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‘Black Lives Matter’ signs stolen off church lawn in Hartford

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HARTFORD - Leaders at the Unitarian Society of Hartford said their “Black Lives Matter,” signs were stolen 13 times since August.

During the most recent theft, according to Rev. Cathy Rion Starr, the thief replaced the signs with  one "Trump for President" lawn sign.

“Our faith calls us to build the beloved community, and rather than condemn those who steal, we are calling on our political leadership to join us in a call for abundant love, to renounce racism and embrace justice,” said Starr, who is co-minister of the congregation.

The congregation celebrated its annual Flower Communion service, Sunday, handing out flowers as a sign of abundant beauty and love, to those on their way to the University of Hartford graduation, and any passersby.

Each flower came with a letter calling on all political parties and people to condemn hate and embrace racial justice.

“We’re giving out flowers today to the graduates to say congratulations and also asking them to sign a letter to our legislative leadership calling for an end to the political divisiveness,” Starr said. “Calling on our legislative leaders and our political leaders to really confront racism in their political parties and throughout the justice system, we’re calling for racial justice.”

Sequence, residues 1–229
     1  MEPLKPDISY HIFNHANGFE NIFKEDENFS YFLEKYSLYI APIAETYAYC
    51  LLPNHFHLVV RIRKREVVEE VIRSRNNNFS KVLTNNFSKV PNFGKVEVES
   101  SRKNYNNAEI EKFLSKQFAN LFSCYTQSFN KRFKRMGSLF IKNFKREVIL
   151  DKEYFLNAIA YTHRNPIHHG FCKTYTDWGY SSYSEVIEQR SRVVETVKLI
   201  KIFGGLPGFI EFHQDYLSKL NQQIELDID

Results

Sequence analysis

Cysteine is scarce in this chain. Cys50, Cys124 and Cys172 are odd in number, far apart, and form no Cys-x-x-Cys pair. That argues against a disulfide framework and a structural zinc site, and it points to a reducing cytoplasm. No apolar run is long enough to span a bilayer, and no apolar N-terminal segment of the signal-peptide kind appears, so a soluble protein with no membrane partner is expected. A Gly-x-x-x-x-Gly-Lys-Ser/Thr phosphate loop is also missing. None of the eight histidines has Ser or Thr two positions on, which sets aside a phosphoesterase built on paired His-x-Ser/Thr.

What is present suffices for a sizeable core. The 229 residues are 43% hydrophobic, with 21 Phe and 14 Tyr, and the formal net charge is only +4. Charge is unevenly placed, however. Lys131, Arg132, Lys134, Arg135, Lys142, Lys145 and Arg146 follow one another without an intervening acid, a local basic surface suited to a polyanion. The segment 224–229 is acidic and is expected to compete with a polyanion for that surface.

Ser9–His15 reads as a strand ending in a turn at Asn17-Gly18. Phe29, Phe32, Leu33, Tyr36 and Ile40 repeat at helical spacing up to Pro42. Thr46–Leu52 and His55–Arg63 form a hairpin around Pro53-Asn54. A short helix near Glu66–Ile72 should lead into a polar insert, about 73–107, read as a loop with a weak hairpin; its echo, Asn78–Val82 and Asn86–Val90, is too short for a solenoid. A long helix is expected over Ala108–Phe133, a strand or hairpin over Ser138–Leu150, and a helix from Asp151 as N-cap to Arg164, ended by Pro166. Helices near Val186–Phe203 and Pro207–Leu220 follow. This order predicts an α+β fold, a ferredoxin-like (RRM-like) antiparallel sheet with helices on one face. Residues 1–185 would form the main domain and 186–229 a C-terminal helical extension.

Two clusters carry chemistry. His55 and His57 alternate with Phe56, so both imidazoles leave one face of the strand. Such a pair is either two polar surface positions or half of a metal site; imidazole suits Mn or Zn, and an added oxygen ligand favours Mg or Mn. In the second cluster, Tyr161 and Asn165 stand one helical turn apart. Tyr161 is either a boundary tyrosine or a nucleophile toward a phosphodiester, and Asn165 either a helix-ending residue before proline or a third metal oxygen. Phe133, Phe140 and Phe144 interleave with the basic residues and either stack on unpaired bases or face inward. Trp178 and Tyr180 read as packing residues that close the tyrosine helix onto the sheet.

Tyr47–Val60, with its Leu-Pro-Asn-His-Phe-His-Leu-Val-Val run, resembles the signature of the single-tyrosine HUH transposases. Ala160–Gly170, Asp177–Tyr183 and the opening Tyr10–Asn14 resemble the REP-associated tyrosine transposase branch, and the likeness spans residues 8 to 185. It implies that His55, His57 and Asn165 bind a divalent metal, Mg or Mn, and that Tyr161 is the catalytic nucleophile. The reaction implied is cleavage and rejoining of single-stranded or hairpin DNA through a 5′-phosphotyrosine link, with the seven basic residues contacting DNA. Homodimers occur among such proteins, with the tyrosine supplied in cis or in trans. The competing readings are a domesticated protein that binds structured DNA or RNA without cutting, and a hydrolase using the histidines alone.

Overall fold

Sunday’s efforts are part of a national movement called Love Is Unstoppable by Showing Up for Racial Justice (SURJ).

“I think a lot of folks wouldn`t consider it racism, to take the Black Lives Matter sign, they think that they`re defending their own rights, but the statement of Black Lives Matter does not say that any other life doesn`t matter. It is just making a public declaration that black lives do matter,” Hartford resident Jason Fredlund said.

“We want to be good neighbors so we`re saying we need to stand up as a mostly white congregation and say 'no, we stand with everyone,'” Starr said.

She said she understands if people disagree with their message, but if they do, she encourages them to talk about it with the congregation.

Recently, congregation members witnessed a person taking the signs and driving away, so they reached out to police. According to Starr, police said the license plate did not match the car, and it was a dead lead.

The congregation said it does not want to press charges. They just want to talk to the people doing this to help turn any hate into peace, love, and understanding.

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